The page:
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Title of the item:

European repository of explicit criteria of potentially inappropriate medications in old age.

Title :
European repository of explicit criteria of potentially inappropriate medications in old age.
Authors :
Ivanova, Ivana
Elseviers, Monique
Wauters, Maarten
Christiaens, Thierry
Vander Stichele, Robert
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Subject Terms :
DRUGS
INFORMATION storage & retrieval systems -- Medical care
MEDICAL history taking
PHARMACY information services
SEVERITY of illness index
MEDICATION therapy management
ELECTRONIC health records
INAPPROPRIATE prescribing (Medicine)
Source :
Geriatrics & Gerontology International; Aug2018, Vol. 18 Issue 8, p1293-1297, 5p
Geographic Terms :
EUROPE
Academic Journal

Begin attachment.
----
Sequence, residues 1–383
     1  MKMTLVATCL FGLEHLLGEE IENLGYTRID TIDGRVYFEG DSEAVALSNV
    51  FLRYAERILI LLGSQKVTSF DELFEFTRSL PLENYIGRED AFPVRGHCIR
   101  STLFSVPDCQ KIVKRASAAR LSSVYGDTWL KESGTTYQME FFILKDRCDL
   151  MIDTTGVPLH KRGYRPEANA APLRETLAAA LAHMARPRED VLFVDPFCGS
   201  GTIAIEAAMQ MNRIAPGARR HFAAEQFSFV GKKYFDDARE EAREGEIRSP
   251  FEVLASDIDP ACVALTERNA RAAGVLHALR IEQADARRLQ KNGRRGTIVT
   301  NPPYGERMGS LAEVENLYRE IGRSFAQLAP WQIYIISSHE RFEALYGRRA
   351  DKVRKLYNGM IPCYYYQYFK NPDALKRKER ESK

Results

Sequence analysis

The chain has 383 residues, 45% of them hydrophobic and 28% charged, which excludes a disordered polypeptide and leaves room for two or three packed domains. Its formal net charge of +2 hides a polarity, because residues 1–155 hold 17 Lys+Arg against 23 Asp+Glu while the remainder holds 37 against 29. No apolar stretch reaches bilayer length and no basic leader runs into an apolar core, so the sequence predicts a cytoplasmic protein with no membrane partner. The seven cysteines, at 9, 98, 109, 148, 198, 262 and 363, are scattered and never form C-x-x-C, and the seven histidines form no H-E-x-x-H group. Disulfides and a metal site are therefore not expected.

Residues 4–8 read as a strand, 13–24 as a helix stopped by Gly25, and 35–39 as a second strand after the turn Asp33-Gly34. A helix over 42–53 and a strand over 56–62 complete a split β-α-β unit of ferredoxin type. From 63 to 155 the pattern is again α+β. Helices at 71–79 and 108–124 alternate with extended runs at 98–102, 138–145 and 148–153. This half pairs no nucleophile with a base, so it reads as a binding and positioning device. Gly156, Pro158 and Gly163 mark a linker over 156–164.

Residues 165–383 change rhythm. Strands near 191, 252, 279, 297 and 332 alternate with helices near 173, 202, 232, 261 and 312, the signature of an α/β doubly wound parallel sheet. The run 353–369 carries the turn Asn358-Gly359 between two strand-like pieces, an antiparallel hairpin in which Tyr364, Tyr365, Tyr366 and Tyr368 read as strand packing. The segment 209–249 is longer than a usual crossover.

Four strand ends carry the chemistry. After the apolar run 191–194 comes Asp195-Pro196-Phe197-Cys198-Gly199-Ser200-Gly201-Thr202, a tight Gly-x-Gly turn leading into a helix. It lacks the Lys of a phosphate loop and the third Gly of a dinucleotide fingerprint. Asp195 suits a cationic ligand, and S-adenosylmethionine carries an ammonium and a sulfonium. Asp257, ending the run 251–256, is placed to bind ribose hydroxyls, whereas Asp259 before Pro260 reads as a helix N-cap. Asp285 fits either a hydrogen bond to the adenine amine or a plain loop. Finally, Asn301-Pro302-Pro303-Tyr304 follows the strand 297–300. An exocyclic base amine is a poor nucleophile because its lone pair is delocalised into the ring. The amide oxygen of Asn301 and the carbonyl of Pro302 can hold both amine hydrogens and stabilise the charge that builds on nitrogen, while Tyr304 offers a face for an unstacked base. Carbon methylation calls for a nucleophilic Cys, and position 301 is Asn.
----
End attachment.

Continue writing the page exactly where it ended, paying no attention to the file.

Aim: Lack of electronic assessment of medication lists in electronic health records is a barrier for more generalized use of potentially inappropriate medications (PIM) lists, designed for older adults. The aim was to construct a European repository of explicit criteria on PIM, suitable for electronic assessment. Methods: PIM description, medication information, clinical information and level of evidence was entered. Criteria with unclear medication specifications were excluded. Too complex criteria were divided for more operable use. Results: We selected three lists: the European Union (7)-PIM (2015), STOPP/START (2014) and Beers criteria (2015). After exclusion and division, from 641 original criteria of the three PIM-lists, a total of 650 criteria were entered (n = 282 from European Union (7)-PIM, n = 201 from Beers and n = 167 from the STOPP/START list). Identification of the medication was possible with the Anatomical Therapeutic Chemical Classification System for practically all criteria, except for 23 (3.5%). From all criteria, 63.9% required only medication-related information. In 55.7% of the criteria, identification of the active substance(s) was the only medication data requirement and 8.2% required additional information (dose, duration, route of administration). From all criteria, 36.1% required clinical information, from which 17.8% requested disease information only, and 18.3% required additional information (indication, history of diseases, laboratory results or severity of diseases). Conclusions: It was feasible to enter most of the original criteria of the three PIM lists into a repository of electronically applicable criteria. In the future, developers of new PIM lists should take into account semantic interoperability and consider the suitability of the criteria for electronic use. [ABSTRACT FROM AUTHOR]
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